• The 2018 Agricola Ampeleia, “Unlitro” Toscana Rosso, Italy (Luxury 81499; $21.99 for a full liter) offers a delightful red wine from Tuscany, a region not widely known for naturally made wines. But in this case, a collaboration led partly by leading “natural wine” proponent, Elisabetta Foradori, produces the wines. The fruit comes from vineyards in Tuscany’s Maremma region, an area of varying altitudes located near the Mediterranean Sea. Biodynamic farming provides marvelous fruity purity in this wine’s creative blend of Alicante Nero (a.k.a. Grenache), Carignano, Mourvèdre, Sangiovese, and Alicante Bouschet grapes. Fermentation and aging of the wine in cement tanks allows the fruit to shine. The attractive ruby color offers raspberry, black pepper and earthy aromas. Juicy red fruit with light savory notes balance with fine acidity and smooth tannins. Chill this easy drinking, delicious red and enjoy. Highly Recommended.

• The 2018 Vignobles Bulliat, Beaujolais-Villages, France (Luxury 81426; $12.99) offers a delicious gamay based wine made naturally. Grower Noël Bulliat and his son Loïc switched their sizeable family estate to organic practices in 2010 with official certification in 2013. Grass grows between the vines to limit yields and eliminate herbicides treatments. Harvest occurs manually. The fruit comes from vines growing primarily in granite soils which lend refreshing mineral notes.

In the glass, a gorgeous ruby color pleases the eye and unfolds fruity black cherry and light earthy notes. Delicious, lip-smacking red fruit flavors balance with zesty acidity and elegant tannins. The wine has only 12.5% alcohol by volume for easy drinking. Highly Recommended.

• The “Little Bear”wine — or “Petit Ours” in French — returns! The juicy and delicious 2017 Matthieu Barret “Petit Ours” Côtes-du-Rhône, France (Luxury 81004; $24.99) comes from the irrepressible and immensely talented organic grower, Matthieu Barret. Located in Cornas in the northern Rhône Valley, Barret purchases the Syrah grapes for this wine from a like-minded, dedicated winegrower in Visan, a commune farther down the Rhône River. The vines grow in clay and limestone with organic and biodynamic methods in Visan’s relatively cool climate. There the grapes develop complex fruitiness while retaining vital freshness.

Fermentation occurs with native yeasts in neutral concrete vats. Aging occurs without new wood. Bottling occurs with minimal added sulfites. Barret’s “Little Bear” delivers a dark-purple color with spicy red and black-fruit aromas with peppery nuances. Fresh, juicy red-fruit flavors balance with zesty acidity and marvelous, refreshing mineral notes. If possible, decant the wine for a couple of hours before drinking it. Highly Recommended.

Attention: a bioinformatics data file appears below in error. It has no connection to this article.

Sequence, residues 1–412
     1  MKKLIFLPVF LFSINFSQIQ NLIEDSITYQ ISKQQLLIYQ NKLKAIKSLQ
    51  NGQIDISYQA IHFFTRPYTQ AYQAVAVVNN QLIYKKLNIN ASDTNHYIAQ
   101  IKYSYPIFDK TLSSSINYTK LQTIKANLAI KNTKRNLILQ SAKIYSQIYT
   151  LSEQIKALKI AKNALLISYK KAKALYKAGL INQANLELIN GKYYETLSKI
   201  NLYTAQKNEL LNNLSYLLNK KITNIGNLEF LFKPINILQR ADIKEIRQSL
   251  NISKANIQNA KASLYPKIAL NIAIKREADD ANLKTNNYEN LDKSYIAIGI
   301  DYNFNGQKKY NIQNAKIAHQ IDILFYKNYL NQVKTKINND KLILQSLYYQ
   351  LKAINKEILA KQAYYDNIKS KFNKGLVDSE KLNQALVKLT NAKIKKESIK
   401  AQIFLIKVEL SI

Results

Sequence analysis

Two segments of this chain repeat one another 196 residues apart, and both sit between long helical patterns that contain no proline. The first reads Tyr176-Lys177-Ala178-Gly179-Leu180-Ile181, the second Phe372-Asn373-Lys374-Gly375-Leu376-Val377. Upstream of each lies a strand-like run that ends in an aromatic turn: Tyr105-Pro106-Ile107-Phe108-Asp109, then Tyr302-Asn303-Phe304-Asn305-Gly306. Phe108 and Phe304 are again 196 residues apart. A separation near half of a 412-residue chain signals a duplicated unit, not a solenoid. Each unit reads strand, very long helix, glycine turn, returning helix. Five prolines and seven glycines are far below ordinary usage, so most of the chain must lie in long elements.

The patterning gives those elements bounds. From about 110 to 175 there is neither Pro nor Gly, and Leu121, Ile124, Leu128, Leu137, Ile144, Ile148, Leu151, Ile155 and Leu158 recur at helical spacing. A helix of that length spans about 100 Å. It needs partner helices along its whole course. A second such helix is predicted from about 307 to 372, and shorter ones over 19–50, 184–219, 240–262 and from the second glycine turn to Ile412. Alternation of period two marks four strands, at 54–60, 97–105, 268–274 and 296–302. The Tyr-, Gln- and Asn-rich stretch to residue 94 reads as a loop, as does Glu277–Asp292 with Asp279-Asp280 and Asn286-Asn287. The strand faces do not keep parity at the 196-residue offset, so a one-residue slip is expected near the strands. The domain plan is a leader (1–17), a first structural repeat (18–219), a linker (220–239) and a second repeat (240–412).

TribLIVE commenting policy

You are solely responsible for your comments and by using TribLive.com you agree to our Terms of Service.

We moderate comments. Our goal is to provide substantive commentary for a general readership. By screening submissions, we provide a space where readers can share intelligent and informed commentary that enhances the quality of our news and information.

While most comments will be posted if they are on-topic and not abusive, moderating decisions are subjective. We will make them as carefully and consistently as we can. Because of the volume of reader comments, we cannot review individual moderation decisions with readers.

We value thoughtful comments representing a range of views that make their point quickly and politely. We make an effort to protect discussions from repeated comments either by the same reader or different readers

We follow the same standards for taste as the daily newspaper. A few things we won't tolerate: personal attacks, obscenity, vulgarity, profanity (including expletives and letters followed by dashes), commercial promotion, impersonations, incoherence, proselytizing and SHOUTING. Don't include URLs to Web sites.

We do not edit comments. They are either approved or deleted. We reserve the right to edit a comment that is quoted or excerpted in an article. In this case, we may fix spelling and punctuation.

We welcome strong opinions and criticism of our work, but we don't want comments to become bogged down with discussions of our policies and we will moderate accordingly.

We appreciate it when readers and people quoted in articles or blog posts point out errors of fact or emphasis and will investigate all assertions. But these suggestions should be sent via e-mail. To avoid distracting other readers, we won't publish comments that suggest a correction. Instead, corrections will be made in a blog post or in an article.